Some of you recall when suspension links swept the off-road scene. For the longest time leaf springs were king, and then all of a sudden the link suspension technology seemed to pop up everywhere. Before you knew it, leaf springs were old news and you had to have a link suspension to even consider going off-road. Ok, that’s not true. You can go wheeling with leaf springs—in fact, leaf springs work quite well— but a link suspension has such a high-tech look and offers such a great ability to fine-tune your suspension performance that it really is a step above most leaf suspensions.
Nowadays link suspensions are old news. Lots of garage built wheelers have them, and the art of suspension geometry has really grown and been fine-tuned by many. This isn’t a tech piece about that geometry, but rather the hardware. This is just about the parts to make a good link. What type of material do you want to use? What’s the difference between Heim, flex, and Johnny joints? What’s the best way to assemble everything? Thankfully there is nothing set in stone here—there are lots of right ways to do stuff and a few wrong ways to steer clear of, but that should allow you to develop your own best solution.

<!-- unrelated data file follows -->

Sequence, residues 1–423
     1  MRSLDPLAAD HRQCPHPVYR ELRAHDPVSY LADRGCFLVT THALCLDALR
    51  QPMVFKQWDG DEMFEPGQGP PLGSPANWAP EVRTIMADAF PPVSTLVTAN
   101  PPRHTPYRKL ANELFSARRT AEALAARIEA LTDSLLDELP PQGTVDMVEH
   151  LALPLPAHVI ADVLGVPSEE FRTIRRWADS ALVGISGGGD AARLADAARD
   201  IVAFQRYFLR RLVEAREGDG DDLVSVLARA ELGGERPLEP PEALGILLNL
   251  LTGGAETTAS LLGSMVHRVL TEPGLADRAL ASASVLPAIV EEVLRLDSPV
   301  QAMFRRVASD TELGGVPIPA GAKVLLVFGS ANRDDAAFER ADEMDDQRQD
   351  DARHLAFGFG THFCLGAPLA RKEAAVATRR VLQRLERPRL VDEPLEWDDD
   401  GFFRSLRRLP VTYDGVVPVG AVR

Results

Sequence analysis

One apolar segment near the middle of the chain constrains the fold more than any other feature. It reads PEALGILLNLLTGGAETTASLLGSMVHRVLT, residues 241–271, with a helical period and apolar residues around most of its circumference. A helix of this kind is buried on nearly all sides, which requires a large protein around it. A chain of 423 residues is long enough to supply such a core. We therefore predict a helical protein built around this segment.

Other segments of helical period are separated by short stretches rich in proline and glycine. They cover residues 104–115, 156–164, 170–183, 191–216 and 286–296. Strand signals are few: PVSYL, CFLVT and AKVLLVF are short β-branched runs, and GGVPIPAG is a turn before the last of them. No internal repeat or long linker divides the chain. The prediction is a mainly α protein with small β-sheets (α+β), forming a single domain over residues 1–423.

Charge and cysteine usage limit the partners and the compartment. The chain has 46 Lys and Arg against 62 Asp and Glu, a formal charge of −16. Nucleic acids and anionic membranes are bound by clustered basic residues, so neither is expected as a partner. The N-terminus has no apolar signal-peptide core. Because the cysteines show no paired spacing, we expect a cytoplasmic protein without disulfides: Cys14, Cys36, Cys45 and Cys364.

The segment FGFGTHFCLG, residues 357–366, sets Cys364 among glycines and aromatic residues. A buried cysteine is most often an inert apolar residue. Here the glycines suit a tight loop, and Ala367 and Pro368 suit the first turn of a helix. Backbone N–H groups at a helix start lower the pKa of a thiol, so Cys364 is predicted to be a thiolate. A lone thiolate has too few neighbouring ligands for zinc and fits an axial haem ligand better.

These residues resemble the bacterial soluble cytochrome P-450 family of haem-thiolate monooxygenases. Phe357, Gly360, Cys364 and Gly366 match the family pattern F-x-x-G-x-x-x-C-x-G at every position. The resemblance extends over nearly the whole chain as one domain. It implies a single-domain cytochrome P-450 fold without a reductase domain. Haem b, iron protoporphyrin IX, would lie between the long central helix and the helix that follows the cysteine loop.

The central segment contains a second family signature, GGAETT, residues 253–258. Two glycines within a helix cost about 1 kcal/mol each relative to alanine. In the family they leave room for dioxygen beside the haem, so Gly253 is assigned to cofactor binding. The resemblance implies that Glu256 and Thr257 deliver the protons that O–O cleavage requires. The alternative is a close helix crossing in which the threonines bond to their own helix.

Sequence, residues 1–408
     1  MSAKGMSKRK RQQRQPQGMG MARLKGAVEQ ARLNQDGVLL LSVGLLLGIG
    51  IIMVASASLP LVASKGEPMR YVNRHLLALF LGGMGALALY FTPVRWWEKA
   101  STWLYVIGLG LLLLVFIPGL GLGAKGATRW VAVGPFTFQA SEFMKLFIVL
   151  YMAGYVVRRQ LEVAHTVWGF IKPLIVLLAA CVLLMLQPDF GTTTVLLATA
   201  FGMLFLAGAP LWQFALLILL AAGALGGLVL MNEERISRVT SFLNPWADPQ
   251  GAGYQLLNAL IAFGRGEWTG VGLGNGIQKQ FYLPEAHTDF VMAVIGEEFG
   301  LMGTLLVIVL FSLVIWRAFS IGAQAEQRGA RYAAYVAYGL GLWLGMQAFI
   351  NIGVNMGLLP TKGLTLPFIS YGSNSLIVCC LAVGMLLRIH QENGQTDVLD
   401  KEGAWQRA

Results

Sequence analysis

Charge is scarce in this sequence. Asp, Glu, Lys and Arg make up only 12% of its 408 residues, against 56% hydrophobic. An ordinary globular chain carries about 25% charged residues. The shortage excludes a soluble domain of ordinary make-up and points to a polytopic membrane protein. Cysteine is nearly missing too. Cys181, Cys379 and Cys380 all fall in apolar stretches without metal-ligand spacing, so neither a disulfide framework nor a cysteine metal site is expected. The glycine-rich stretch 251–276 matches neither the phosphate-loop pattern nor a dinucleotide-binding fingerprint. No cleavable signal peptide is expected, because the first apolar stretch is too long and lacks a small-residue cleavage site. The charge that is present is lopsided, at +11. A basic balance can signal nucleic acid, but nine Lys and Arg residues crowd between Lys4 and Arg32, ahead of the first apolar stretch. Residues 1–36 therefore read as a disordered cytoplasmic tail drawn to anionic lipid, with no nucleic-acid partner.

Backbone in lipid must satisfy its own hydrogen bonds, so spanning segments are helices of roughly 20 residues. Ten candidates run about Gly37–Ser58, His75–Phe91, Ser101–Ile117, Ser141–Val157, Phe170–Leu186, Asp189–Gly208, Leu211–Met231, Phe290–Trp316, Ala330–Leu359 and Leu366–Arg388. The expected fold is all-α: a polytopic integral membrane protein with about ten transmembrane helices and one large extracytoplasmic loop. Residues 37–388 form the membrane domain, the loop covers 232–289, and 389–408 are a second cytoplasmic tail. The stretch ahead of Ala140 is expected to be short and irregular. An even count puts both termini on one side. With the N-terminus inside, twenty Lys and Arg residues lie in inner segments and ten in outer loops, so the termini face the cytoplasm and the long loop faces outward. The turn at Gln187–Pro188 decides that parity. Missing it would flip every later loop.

There are many styles of links in a linked suspension, but for this article we’ll concentrate on the basic four-link with two lowers and two uppers, and the three-link with two lowers and one upper. Sometimes the two uppers are triangulated; other times the links are all parallel and a track bar is added to control the lateral movement of the axle. The lower links on a 4×4 need to be the strongest links since they will see the most abuse when smashed into and drug over rock obstacles. Lower links see three forces: the compression and the tension of the axle trying to rotate and a bending force should they land on or hit a trail obstacle. Upper links usually only see compression and tension forces as they keep the axle from rotating. For this reason, upper links can be made of thinner material than lower links, but we would recommend not going thinner than wall tubing of 0.120 inch (1⁄8 inch) on the uppers. Lower links are often found in 2×0.25-wall (1⁄4 inch) and maybe thicker wall if the rig is heavier and abused on rocks.